While many elements of the show tie into the idea of design as a group effort, I found another theme – baking bread – best exemplified the content of the show. Margo Halverson, the driving force behind DesignInquiry, is married to a baker who teaches at MECA. Bread is also one of mankind’s most powerful historical gathering points, and where there is food, there is design. Bread requires a community: agriculture, grain, ingredients, ovens, fuel, and enough participants to make the practice worthwhile. Bread also embodies fundamental notions of design, whether it’s pita, naan, buns or baguettes.
A portable bread-making station designed for/by DesignInquiry in the main ICA gallery features a machine that holds the starter that defines the type of bread being made – in this case sourdough.
ICA’s largest gallery is filled with in-progress and final objects from design projects. We see the development of a typeface based on old-fashioned tapestry. We see a printing press built out of concrete (with a sonotube-like roller) with letters made from variations of standard core concrete blocks. And, among too many projects to list, we meet a “designer in residence” – a real, lively, interactive person with many skills and potentially a lot to say.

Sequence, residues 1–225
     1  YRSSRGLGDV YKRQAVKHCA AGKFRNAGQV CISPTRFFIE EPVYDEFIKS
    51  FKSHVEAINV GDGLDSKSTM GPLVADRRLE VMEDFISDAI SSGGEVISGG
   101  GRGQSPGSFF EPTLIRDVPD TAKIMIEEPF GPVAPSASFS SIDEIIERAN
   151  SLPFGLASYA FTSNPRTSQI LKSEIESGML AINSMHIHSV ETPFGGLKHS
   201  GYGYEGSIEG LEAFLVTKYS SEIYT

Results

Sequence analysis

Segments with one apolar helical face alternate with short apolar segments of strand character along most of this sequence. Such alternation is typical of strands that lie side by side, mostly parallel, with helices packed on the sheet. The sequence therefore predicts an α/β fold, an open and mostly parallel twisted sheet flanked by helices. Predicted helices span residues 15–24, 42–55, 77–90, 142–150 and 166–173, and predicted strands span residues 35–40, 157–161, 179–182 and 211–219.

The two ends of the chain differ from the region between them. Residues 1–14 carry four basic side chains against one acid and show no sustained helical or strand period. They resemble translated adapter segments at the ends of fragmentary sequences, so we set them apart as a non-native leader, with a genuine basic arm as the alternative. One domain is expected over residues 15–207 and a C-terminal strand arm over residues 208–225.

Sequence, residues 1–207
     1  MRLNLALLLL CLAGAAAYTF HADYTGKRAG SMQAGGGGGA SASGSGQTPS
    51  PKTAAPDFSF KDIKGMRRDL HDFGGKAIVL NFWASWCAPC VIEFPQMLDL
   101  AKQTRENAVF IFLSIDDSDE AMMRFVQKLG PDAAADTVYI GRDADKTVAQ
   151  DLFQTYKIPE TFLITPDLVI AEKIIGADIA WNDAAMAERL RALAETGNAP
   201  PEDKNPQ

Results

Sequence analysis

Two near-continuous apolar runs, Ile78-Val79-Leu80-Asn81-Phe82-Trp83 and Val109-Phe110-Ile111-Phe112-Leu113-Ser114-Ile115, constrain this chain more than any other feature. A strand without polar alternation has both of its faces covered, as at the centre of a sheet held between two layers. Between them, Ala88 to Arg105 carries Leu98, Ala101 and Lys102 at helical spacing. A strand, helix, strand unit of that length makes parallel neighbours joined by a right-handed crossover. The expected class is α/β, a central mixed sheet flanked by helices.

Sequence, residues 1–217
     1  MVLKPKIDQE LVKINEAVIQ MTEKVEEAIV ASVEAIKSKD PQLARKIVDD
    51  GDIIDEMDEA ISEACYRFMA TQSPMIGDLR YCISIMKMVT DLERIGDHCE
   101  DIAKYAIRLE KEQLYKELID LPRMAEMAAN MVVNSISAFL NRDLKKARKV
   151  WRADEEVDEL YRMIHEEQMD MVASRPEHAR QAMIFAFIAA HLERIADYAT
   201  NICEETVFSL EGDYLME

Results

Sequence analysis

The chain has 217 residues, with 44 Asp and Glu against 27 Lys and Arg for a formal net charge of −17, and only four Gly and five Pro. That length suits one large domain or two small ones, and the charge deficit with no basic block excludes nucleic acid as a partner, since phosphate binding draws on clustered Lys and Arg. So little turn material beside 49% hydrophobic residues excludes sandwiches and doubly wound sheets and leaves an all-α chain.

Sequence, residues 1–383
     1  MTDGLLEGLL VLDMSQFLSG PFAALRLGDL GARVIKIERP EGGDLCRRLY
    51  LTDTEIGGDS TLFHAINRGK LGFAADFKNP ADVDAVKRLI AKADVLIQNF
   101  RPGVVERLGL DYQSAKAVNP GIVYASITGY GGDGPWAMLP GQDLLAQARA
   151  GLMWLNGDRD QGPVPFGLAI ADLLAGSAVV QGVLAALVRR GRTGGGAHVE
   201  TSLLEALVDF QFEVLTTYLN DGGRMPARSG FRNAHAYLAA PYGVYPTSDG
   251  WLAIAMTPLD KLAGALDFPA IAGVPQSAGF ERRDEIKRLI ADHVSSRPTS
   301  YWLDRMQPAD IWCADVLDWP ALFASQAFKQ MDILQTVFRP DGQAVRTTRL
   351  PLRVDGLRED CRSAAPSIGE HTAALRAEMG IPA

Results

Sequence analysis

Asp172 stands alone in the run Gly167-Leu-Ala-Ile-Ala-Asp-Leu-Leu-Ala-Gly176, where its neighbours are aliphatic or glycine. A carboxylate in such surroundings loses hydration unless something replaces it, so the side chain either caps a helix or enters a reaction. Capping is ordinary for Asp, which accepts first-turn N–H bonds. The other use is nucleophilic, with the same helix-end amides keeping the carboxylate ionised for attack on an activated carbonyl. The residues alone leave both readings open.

“Futurespective” takes its name from the concepts of potential and possibility, with the idea that DesignInquiry is more a living organism than the result of an individual. Some aspects might be more intimidating than expected, such as the overwhelming aesthetic of its installation and phrases like “words matter”. But once you’ve found the soft, welcoming core amidst all the energy disguised as engagement, “Futurespective” becomes an engaging and exciting invitation into the world of design.
We design all the time. When you choose a shirt from the store or your closet, arrange the furniture in your home, sign your name, or put food on a plate, you are committing to design. Sure, chefs can look fancy and creative, but you make choices about quantity, balance, and practicality. You don’t put the peas next to the sauce for a reason; it’s the design.
Sometimes design is all about taking information from a poster and making it look cool. Sometimes it’s about keeping things practical – like utensils or chairs – and other times it’s about ideology, like the great poster design of the Soviet-era constructivists or all those churches and government buildings that are meant to impress – and remind you of your place in the congregation.
But more often than not, design has been about people sharing ideas to make the things that matter to us better than we could have done them ourselves. I am typing this column in a font called Times New Roman on a computer no thicker than my hand which will share these words with many thousands of people. I’m wearing running shoes, a Dale wool sweater and blue cotton jeans. And for breakfast? I toasted the remains of yesterday’s baguette while drinking coffee from my Abbott Meader mug, which sticks my tongue out every day.
As far as I’m concerned, design is the widely spoken language of culture, that place where we all live and have always lived.
Freelance writer Daniel Kany is an art historian living in Cumberland. He can be contacted at: